'Everest': Venice Review
Jake Gyllenhaal and Josh Brolin headline an international cast in Baltasar Kormakur's big-screen account of the disastrous 1996 trek along Mount Everest.
For the 99.999 percent of us who will never climb Mount Everest, the new 3D Imax drama Everest provides plenty of vividly illustrated reasons to rationalize leaving it off one's bucket list. However, there are quite a few good reasons to see this robust dramatization of a 1996 assault on the world's tallest mountain that went disastrously wrong, beginning with the eye-popping, you-are-there visual techniques that make you feel glad indeed that you're not actually up there at 29,029 feet, but also including multiple characters sufficiently humanized to create real concern for their fates, and an attention to realistic detail that gives the film texture. Universal should be able to add this one to its impressive list of 2015 box-office successes.
This autumn seems to be the season for vertigo-inducing 3D Imax releases, what with this and the World Trade Center tightrope-walking drama The Walk in the offing. All the same, Everest doesn't go in for cheap shots or sensation for sensation's sake, remaining close to the men and women who have journeyed to the Himalayas for different reasons but for the same purpose: to get to the top of the world.
With its perilous central premise and gallery of individuals — some of whom are destined not to make it — you could say Everest is a disaster movie in the old Hollywood sense of the term, but it doesn't feel like one. And that's a good thing. Telling the same story as, but not officially based on, Jon Krakauer's best-selling book Into Thin Air (perhaps changing things up because the book was already officially adapted for a 1997 TV movie, Into Thin Air: Death on Everest), the film hinges on the freakish conditions that led to the deaths of eight climbers on May 10, 1996. Krakauer is present as a character (played by House of Cards' Michael Kelly), there to write an article for Outside magazine.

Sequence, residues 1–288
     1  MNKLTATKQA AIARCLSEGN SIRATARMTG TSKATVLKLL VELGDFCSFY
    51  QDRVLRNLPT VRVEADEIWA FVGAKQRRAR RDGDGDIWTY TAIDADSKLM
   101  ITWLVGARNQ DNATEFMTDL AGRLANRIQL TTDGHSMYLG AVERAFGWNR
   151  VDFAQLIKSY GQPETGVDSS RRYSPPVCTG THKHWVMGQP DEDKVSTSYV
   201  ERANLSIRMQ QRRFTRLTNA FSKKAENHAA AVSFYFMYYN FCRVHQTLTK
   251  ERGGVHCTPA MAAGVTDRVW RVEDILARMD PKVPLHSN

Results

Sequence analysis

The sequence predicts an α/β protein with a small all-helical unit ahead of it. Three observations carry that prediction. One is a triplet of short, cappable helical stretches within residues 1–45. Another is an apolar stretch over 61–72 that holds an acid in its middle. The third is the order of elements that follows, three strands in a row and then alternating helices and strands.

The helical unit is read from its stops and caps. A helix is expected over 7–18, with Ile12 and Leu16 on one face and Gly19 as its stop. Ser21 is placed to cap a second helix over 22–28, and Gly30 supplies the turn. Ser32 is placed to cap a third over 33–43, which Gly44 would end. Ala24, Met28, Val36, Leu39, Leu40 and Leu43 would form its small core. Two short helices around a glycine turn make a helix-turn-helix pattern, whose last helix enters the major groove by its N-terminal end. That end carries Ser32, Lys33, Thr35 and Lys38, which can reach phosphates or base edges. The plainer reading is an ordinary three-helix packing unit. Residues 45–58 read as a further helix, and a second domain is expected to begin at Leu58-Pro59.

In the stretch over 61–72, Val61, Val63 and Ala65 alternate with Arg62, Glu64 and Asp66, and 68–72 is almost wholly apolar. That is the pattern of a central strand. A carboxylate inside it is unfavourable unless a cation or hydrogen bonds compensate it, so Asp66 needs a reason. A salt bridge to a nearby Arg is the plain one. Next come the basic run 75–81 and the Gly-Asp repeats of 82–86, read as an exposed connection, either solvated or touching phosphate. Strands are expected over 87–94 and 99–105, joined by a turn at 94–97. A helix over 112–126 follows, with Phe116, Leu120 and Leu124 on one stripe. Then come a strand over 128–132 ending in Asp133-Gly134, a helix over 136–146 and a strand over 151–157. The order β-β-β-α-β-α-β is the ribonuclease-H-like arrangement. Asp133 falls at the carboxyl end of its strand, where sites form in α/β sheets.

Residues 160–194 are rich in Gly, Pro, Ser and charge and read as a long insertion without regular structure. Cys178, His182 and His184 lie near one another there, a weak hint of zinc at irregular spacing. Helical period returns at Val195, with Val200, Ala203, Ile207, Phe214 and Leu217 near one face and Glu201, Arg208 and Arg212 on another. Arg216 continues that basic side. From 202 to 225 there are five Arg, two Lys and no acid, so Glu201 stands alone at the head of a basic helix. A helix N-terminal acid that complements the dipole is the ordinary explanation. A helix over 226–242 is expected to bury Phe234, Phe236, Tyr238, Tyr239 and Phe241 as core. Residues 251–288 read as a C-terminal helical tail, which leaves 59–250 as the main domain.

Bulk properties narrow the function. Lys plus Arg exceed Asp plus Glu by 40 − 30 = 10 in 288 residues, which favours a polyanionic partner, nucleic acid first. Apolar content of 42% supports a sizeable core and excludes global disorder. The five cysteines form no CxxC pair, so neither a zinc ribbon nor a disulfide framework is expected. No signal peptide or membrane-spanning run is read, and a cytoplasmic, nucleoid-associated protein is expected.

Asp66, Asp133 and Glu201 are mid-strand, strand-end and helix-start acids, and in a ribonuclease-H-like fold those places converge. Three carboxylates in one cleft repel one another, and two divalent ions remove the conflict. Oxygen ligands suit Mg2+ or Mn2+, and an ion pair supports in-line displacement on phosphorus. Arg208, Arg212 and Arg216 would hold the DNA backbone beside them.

The fact that some engaging, friendly Aussies are front and center as the main tour organizers and guides may account for a good deal of the films immediate accessibility; they're the competent, reassuring type you'd feel good entrusting yourself to on such an expedition. Rob Hall (Jason Clarke), a seemingly all-around great guy, runs Adventure Consultants, and he's helped out most importantly by logistics coordinator Helen (Emily Watson), and guide and close friend Guy (Clarke's fellow ex-Terminator Sam Worthington).
Aside from Krakauer, among those arriving from distant places are Beck (Josh Brolin), a big-talking Texan; Doug (John Hawkes), a mailman who failed to make it up on a previous attempt, and Yasuko (Naoko Mori), a Japanese woman who has scaled the highest mountains on every other continent.
Two competing guides who will be leading groups up on the same day are stark opposites: American hippie Scott Fischer (Jake Gyllenhaal) and Russian Anatoli Boukreev (Ingvar Sigordsson), a military-style tough guy so macho that he refuses to use supplementary oxygen.
The starting off point for summit seekers is Katmandu, and Everest earns early points for its unblinking glimpses of the Nepalese capital's almost grotesque squalor, a characteristic that now spills over to the sites of the ascent base camps, where no one gives a thought to cleaning up. Krakauer had initially thought to focus his Outside piece on the downsides of Everest tourism and, to its credit, the film doesn't shy away from highlighting the unseemly effects of overcrowding, not only at the camps but on the path to the summit.